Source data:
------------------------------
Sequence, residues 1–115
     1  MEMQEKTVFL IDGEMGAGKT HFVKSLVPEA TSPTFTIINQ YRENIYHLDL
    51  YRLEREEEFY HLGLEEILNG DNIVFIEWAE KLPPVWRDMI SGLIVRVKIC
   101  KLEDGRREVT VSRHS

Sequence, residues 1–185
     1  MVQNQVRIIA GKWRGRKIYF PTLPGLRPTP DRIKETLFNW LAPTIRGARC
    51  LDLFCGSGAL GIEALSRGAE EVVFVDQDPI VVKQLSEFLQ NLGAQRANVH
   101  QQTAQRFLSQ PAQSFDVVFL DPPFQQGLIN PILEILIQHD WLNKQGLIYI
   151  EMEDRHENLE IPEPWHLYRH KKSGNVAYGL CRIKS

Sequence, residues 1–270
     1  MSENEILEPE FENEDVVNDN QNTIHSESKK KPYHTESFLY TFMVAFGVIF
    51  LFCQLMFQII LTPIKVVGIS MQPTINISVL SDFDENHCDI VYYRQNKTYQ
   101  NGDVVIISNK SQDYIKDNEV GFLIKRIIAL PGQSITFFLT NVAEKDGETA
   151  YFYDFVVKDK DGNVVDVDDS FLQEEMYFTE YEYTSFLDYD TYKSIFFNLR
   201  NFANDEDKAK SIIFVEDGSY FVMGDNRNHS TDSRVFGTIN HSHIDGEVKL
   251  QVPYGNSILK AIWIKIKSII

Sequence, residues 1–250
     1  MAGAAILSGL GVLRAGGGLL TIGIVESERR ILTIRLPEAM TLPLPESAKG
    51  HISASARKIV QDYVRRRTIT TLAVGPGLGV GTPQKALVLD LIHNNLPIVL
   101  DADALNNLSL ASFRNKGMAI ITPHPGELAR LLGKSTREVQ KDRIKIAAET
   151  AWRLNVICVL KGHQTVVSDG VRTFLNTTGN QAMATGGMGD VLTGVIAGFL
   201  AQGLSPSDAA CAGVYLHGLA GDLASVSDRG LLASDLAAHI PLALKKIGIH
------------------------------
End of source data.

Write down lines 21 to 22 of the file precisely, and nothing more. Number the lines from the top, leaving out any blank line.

   151  AWRLNVICVL KGHQTVVSDG VRTFLNTTGN QAMATGGMGD VLTGVIAGFL
   201  AQGLSPSDAA CAGVYLHGLA GDLASVSDRG LLASDLAAHI PLALKKIGIH